Dear friends, do not believe every spirit, but test the spirits to see whether they are from God, because many false prophets have gone out into the world.
Beloved, do not believe every spirit, but test the spirits to see whether they are from God, because many false prophets have gone out into the world.
Dear friends, do not believe everyone who claims to speak by the Spirit. You must test them to see if the spirit they have comes from God. For there are many false prophets in the world.
My dear friends, don't believe everything you hear. Carefully weigh and examine what people tell you. Not everyone who talks about God comes from God. There are a lot of lying preachers loose in the world.
My loved ones, do not put your faith in every spirit, but put them to the test, to see if they are from God: because a great number of false prophets have gone out into the world.
Beloved, do not believe every spirit, but test the spirits to see whether they are from God; for many false prophets have gone out into the world.
Beloved, do not believe every spirit, but test the spirits, whether they are of God; because many false prophets have gone out into the world.
|NET © [draft] ITL|
|NET © Notes||
1 sn 1 John 4:1-6. These verses form one of three units within 1 John that almost all interpreters consider a single unit and do not divide up (the other two are 2:12-14 and 15-17). The subject matter is so clearly different from the surrounding context that these clearly constitute separate units of thought. Since the Holy Spirit is not the only spirit active in the world, the author needs to qualify for the recipients how to tell if a spirit comes from God. The “test” is the confession in 4:2.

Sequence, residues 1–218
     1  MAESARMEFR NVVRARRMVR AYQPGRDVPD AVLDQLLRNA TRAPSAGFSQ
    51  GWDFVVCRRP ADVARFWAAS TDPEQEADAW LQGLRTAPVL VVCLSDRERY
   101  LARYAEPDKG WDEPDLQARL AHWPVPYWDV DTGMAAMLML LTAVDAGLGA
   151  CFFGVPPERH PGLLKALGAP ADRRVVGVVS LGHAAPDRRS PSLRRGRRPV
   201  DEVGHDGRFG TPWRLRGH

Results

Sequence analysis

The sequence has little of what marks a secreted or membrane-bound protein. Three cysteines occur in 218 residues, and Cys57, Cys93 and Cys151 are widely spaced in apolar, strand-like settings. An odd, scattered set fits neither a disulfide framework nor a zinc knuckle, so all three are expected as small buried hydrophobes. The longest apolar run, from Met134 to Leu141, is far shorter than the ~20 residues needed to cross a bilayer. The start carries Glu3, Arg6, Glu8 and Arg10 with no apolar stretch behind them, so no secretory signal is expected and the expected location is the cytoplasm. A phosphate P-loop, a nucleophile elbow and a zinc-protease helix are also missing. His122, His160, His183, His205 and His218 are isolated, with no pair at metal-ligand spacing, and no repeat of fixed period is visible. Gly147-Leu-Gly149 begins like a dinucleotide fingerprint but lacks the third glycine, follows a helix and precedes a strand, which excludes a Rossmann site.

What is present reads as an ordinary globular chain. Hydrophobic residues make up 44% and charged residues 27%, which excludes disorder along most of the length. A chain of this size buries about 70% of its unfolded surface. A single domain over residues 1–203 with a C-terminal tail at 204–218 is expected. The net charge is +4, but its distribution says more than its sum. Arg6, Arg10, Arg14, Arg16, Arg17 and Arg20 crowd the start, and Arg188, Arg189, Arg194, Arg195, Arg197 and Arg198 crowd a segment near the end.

2 tn According to BDAG 255 s.v. δοκιμάζω 1 the verb means “to make a critical examination of someth. to determine genuineness, put to the test, examine.”
3 sn Test the spirits. Since in the second half of the present verse the author mentions “false prophets” who have “gone out into the world,” it appears highly probable that his concept of testing the spirits is drawn from the OT concept of testing a prophet to see whether he is a false prophet or a true one. The procedure for testing a prophet is found in Deut 13:2-6 and 18:15-22. An OT prophet was to be tested on the basis of (a) whether or not his predictive prophecies came true (Deut 18:22) and (b) whether or not he advocated idolatry (Deut 13:1-3). In the latter case the people of Israel are warned that even if the prophet should perform an authenticating sign or wonder, his truth or falsity is still to be judged on the basis of his claims, that is, whether or not he advocates idolatry. Here in 1 John the idea of “testing the spirits” comes closer to the second OT example of “testing the prophets” mentioned above. According to 1 John 4:2-3, the spirits are to be tested on the basis of their christological confession: The person motivated by the Spirit of God will confess Jesus as the Christ who has come in the flesh, while the person motivated by the spirit of deceit will not confess Jesus and is therefore not from God. This comes close to the idea expressed by Paul in 1 Cor 12:3 where the person speaking charismatic utterances is also to be judged on the basis of his christological confession: “So I want you to understand that no one speaking by the Spirit of God says, ‘Jesus is cursed,’ and no one can say ‘Jesus is Lord,’ except by the Holy Spirit.”
4 tn The phrase “to determine” is not in the Greek text, but is supplied for clarity.
5 tn “False prophets” refers to the secessionist opponents (compare 2:19).